Google's foray into a $60 million undersea fiber optic cable construction project linking Florida to Brazil should help the search giant gain greater control of all aspects of Internet access while expanding its efforts to close the digital divide.
Google last week joined Brazilian company Algar Telecom and African operator Angola Cables in the undersea venture, which will cross 6,560 miles and link the Brazilian cities of Santos and Fortaleza with Boca Raton, Fla. Several reports described the agreement, which was first announced Oct. 10 in Portuguese by Brazilian financial newspaper Valor.
Google Latin American head Cristian Ramos was quoted as saying the fiber optic pipe will add needed Internet capacity. "As more people get access to the Internet, more capacity to the infrastructure that keeps the Internet running is needed, so that everyone can have a fast, safe and useful online experience," Ramos said.
Work on the Brazilian cable is supposed to start right away and be finished in late 2016. TE Connectivity SubCom won the construction contract for the project.
It's not the first time that Google has joined an undersea fiber optic cable partnership with traditional carriers. In 2008, it joined with Bharti Airtel, Pacnet, SingTel, Global Transit and KDDI in building a trans-Pacific undersea fiber optic cable between Japan and the U.S. That project, called Unity, was finished in 2010 and cost about $300 million, even though its 6,200 mile length was about the same length as the ongoing Brazil project.
When Unity was first announced in 2007, a New York Times writer said it showed "Google may be the ultimate do-it-yourself company," with engineering prowess that led to various purchases and inventions leading to the Android OS, as well as a variety of mobile device apps and services and many other search capabilities that serve to bolster Google's advertising-centered model.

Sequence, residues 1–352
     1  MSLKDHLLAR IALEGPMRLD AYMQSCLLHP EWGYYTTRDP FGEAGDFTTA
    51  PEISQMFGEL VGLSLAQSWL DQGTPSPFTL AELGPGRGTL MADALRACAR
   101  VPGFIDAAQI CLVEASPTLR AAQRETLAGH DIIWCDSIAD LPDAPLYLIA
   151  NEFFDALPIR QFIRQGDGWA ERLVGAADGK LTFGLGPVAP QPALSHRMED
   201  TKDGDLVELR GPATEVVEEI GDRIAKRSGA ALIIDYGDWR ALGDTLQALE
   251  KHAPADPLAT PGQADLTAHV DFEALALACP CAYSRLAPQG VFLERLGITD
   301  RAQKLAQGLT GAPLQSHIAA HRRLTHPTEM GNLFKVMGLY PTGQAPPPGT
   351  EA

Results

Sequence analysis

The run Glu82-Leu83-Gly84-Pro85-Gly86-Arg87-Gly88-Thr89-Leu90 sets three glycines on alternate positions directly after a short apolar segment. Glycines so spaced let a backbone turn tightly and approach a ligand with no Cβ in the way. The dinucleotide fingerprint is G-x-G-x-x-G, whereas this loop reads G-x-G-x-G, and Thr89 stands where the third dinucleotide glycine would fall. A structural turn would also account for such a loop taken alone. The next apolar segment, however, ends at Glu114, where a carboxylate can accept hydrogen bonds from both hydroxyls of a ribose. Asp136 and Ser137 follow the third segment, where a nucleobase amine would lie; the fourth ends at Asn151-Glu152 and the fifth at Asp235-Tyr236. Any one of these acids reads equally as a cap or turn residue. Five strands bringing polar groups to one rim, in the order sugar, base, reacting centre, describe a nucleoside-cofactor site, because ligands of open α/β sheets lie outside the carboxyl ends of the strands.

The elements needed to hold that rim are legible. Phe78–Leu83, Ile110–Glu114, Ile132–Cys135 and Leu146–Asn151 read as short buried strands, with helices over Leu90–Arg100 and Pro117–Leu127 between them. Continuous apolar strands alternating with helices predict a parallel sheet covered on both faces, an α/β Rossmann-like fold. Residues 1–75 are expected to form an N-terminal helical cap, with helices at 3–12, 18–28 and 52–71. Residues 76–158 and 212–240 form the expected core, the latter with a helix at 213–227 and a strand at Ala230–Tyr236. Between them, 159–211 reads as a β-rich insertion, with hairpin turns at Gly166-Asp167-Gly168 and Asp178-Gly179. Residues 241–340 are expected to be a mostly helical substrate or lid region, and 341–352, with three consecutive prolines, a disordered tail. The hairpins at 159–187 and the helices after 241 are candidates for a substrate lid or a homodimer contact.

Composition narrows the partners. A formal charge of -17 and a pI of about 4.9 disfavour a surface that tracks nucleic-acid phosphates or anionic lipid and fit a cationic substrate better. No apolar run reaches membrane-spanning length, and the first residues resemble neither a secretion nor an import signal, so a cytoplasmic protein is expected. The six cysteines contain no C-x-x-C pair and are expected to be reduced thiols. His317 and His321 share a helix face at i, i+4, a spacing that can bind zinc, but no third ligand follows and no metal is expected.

What Google gets
With Unity and now the Brazil fiber cable project, Google will gain better control of its destiny and potential revenues through basic physical access to the Internet, according to fiber optic industry officials, including Hunter Newby, CEO of Allied Fiber, which is not involved in either project.
While Google is not fully a network operator like AT&T or Verizon, it has argued strenuously before the U.S. Federal Communications Commission in favor of net neutrality. It has also opposed provisions that would allow traditional Internet access providers to impose premium rates on Internet content providers who offer video like YouTube and other data-rich content.
"Network operators of all types [including Google] want one thing, and that's control -- control of costs, provisioning, quality, and repair," Newby said in an interview. "Any network operator that seeks control must do so by obtaining control at the physical layer of a network, at layer one, and then they are free to move through the higher layers to applications. That way, they don't have anybody standing in front of them telling them what they can and can't do.
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